Ultimately it is the choice of a child to act on her own potential. It is said that God provides nature and a parent provides nurture. The child himself must choose to respond to the opportunities in his life. Choice is at the core of moral will.

We have such a short but critical time in which to have a fundamental impact on the development of the character of our children, which is the greatest asset for their happiness. Much of their character development is complete by the time they turn seven.

What kids are not

We are used to thinking of children as psychological beings who need good physical care and also affection, respect, and a healthy balance between dependence and independence. The idea of a parent as a spiritual educator builds on yet goes beyond the notion of the child as a psychological being.

The book offers a frame of reference in which a child’s need for character education is primary. A parent, as spiritual mentor, focuses first of all on facilitating the child’s moral readiness. In order to make the shift from caretaker to educator, it is helpful to let go of notions about children which are not true to their spiritual nature.

Your child is not born a blank slate upon which you will write. There is no such thing as a generic baby. True, a child’s personality and character are not fully formed. But they are “in there.” Just as an oak is in an acorn—not a spruce or a palm but an oak—each child is born with a special bundle of potential. In that bundle are three things:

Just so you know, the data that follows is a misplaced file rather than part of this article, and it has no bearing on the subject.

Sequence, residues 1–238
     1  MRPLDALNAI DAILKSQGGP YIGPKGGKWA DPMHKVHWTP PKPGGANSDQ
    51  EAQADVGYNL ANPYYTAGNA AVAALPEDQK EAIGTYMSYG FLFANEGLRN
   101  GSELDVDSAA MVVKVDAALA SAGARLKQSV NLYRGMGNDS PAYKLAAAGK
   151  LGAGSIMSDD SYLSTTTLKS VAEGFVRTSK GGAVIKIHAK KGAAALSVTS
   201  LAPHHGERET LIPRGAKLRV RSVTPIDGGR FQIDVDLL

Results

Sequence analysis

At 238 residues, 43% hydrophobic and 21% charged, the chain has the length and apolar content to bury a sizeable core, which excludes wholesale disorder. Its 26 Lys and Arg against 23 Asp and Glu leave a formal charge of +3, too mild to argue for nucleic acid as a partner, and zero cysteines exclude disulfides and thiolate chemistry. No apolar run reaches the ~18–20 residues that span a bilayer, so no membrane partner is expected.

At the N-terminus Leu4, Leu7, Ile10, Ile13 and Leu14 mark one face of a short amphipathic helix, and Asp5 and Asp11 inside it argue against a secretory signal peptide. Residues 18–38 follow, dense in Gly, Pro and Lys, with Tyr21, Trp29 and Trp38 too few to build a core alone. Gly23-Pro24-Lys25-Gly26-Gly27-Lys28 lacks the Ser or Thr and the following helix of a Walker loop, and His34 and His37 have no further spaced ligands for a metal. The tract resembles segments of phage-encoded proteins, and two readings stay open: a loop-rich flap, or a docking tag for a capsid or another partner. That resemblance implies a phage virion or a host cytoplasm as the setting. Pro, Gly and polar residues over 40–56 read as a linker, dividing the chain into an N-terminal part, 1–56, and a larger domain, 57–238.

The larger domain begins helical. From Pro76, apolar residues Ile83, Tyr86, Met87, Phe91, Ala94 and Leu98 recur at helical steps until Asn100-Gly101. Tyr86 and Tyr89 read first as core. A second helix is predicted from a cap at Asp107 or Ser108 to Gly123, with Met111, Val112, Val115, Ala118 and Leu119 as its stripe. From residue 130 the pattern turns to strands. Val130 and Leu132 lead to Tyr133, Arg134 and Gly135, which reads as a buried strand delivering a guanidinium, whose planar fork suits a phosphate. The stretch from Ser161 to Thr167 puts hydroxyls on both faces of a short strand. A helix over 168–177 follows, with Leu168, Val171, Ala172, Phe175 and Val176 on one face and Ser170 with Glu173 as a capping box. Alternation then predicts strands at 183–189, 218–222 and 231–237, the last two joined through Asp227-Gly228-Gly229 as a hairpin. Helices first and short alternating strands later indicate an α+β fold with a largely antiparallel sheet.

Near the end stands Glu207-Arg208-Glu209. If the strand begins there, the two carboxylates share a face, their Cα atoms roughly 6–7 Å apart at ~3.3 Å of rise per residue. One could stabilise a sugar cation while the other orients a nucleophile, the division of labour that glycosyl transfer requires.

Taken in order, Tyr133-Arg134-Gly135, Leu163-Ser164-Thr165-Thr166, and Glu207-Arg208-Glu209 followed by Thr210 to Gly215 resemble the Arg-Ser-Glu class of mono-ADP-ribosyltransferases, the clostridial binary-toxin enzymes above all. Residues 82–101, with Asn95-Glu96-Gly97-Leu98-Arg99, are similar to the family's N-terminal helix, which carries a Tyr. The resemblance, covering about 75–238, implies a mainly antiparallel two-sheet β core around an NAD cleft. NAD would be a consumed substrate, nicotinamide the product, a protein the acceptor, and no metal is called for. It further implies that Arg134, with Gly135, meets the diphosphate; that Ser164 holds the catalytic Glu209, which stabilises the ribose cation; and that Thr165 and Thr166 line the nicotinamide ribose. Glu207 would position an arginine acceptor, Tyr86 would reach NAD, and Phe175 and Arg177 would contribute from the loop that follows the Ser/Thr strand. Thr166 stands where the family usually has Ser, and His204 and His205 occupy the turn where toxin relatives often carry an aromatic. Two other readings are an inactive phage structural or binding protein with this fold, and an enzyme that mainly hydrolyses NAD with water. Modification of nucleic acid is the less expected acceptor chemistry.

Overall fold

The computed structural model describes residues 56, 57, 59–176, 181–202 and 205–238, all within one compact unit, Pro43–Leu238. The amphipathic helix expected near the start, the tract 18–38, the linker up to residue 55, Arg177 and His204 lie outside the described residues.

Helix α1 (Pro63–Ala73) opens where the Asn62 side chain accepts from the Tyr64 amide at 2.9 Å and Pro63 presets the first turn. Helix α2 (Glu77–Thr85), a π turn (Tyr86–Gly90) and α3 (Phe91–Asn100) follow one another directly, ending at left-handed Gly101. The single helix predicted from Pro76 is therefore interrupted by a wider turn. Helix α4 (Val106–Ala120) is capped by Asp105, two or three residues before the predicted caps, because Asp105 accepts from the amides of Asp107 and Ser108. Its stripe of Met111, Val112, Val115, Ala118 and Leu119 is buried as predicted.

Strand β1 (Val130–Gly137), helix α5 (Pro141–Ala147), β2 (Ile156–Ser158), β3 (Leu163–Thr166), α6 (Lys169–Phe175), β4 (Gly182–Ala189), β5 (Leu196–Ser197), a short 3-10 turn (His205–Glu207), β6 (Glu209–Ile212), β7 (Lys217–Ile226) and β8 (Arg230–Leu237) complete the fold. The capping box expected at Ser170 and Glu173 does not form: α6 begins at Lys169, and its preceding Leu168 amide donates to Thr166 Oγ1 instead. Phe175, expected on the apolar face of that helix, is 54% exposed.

• Inherited traits
  • Individual temperament
  • Innate capacities: gifts, talents, abilities, limitations, and virtues

Spiritual parenting involves a focus on a child’s gifts and possibilities, a readiness to support them to develop all they can be—to give life their best effort.

A child is not a prince(ss) which parents warp into a frog. This is a modern notion which implies that if we left them to their own devices, children would be pure, undefiled, whole, and perfect. It contends that we are the ones who mess them up and “dethrone” them. This is a half truth. Parents do have enormous influence on children and can shape the script a child carries through life. But it is also true that left to their own devices, children are likely to take the path of least resistance, resorting to survival instincts, the animal side of their nature as material/spiritual beings. It is easier to develop the lower side of their nature, which doesn’t require them to engage their will. So children very much need a guiding hand to lead them. They are not inherently “pure.” They have the potential for both goodness and for destructiveness. Every quality they possess, every virtue, can be directed or misdirected. That’s why your role is so vital to their success.